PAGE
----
Narratives of conflict can be interpreted many ways and depending on who is telling the story, these narratives may be affected by language, visual representations, and silences. Firstly, power plays a large role when telling narratives because as said in the lecture about Orientalism, the people who have power choose what has value. So those with power are going to put emphasis on things that matter to them or will benefit them when narratives of conflict are at their discretion. For example, if I were to see a fight between my siblings and my mom also saw the fight, when telling my dad, he would be more likely to believe my mother’s version of the story over mine. This is because I am known to over-exaggerate when telling stories and also because my mom holds a greater power over me. Depending on who holds the most authority is typically how we interpret the more credible source of the narrative. However, different interpretations are also made with each different narrative and the language and/or visuals used to describe it. This is made clear in Thomas de Zengotita’s book, Mediated, when he says that we deal with reality through representations (de Zengotita 1995). So every story or picture that someone tells or shows is something that they believe represents what they are trying to say, in which can be in turn interpreted differently by other people. Edward Said also brings this up in his piece, Orientalism, when he explains that what we are hearing through language, although a very organized and useful tool to relay information, is still just another representation of the actual “truth” (Said 1979). Said’s piece can also go along with the idea of how the past can change meaning after periods of violence, such as the view of the Orient after the terrorist attacks on 9/11. Many challenges are then faced because of new things that are being written, compared and depicted through the media that attempt to reinforce prior ideas that had been written about and discussed for years.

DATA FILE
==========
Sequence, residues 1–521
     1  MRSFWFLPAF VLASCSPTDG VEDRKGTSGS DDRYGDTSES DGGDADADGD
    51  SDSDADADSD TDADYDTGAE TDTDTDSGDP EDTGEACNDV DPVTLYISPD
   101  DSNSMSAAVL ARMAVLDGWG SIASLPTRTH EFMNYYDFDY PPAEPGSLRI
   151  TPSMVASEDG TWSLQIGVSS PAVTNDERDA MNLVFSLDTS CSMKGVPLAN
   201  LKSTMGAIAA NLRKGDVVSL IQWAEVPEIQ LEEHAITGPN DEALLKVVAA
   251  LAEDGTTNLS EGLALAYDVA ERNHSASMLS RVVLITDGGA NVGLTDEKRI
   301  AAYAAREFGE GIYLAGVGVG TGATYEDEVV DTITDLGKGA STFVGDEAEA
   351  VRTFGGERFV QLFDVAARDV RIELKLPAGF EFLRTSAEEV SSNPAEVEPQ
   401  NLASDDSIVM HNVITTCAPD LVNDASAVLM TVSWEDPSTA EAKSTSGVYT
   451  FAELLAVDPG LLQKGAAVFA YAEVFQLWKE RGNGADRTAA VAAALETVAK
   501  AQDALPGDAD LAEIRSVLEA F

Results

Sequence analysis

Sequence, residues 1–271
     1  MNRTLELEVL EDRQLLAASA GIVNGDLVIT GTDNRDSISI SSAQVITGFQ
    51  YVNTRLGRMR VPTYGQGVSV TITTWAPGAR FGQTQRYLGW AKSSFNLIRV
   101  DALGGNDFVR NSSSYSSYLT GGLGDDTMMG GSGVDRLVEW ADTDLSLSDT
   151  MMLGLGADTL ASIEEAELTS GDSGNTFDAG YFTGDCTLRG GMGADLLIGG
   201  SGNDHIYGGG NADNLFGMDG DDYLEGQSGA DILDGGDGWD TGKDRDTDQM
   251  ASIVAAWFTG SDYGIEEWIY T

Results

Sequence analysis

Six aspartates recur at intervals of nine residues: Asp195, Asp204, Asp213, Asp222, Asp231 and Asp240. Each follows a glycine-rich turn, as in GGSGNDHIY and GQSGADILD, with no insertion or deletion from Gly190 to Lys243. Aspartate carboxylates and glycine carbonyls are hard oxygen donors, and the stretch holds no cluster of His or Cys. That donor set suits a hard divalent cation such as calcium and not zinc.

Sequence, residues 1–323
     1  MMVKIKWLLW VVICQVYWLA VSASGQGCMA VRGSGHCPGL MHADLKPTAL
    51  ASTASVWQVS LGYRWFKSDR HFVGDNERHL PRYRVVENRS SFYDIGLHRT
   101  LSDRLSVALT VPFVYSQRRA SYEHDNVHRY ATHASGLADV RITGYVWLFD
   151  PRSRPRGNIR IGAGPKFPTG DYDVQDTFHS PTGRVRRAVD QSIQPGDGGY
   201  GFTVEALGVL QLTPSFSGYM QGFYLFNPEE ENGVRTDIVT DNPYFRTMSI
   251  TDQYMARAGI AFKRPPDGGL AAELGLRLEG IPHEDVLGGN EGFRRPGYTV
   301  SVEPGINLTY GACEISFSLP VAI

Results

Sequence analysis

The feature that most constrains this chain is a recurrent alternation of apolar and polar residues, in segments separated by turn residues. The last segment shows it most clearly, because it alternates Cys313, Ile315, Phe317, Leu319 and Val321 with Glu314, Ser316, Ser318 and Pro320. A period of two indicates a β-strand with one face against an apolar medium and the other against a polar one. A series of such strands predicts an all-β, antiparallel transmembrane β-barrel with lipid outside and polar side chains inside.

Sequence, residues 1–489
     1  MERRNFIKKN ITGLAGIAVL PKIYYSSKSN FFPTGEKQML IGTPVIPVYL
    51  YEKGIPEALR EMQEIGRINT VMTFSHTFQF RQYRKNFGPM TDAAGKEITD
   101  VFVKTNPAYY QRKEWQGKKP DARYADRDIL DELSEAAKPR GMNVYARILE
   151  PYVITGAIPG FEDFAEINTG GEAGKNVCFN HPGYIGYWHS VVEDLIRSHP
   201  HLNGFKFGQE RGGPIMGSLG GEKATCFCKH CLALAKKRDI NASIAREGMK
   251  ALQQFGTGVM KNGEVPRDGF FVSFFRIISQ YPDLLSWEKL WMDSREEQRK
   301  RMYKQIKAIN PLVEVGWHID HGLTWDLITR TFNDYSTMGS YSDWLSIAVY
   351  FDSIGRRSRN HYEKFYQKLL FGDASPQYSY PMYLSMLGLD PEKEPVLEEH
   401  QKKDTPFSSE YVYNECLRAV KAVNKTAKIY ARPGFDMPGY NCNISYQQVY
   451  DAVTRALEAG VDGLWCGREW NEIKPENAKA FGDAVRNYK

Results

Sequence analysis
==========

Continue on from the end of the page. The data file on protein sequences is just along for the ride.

Visual representation has a large part in this because of how great the role of media is today. With television and internet holding so much power over things, we have become a society that puts a high standard on those things and holds much of what they say and show to be true. The real truth though is that because the media knows it has so much power, it tends to exaggerate and distort things to keep the viewer intrigued which creates a new narrative for us to then tell that is not exactly the truth. As we saw in the visual culture lecture, the media has a morbid sense of power over us in the way that it continually shows horrific things knowing that people will watch it. The silences that Trouillot then discusses are things that happen in a narrative as it becomes a part of history which are that of creation, assembly, retrieval, and significance (Trouillot 1995). As we look at and listen to each narrative and visual representation today, we need to think about how it came into being and the process it had to go through to become that piece of history.
Said EW. 1979. Orientalism. Vintage Books: New York.
Trouillot, M. 1995. Silencing the past: Power and the production of history. Boston, MA: Beacon Press.
Zengotita, T. D. 2005. Mediated: How the media shapes your world and the way you live in it. New York: Bloomsbury.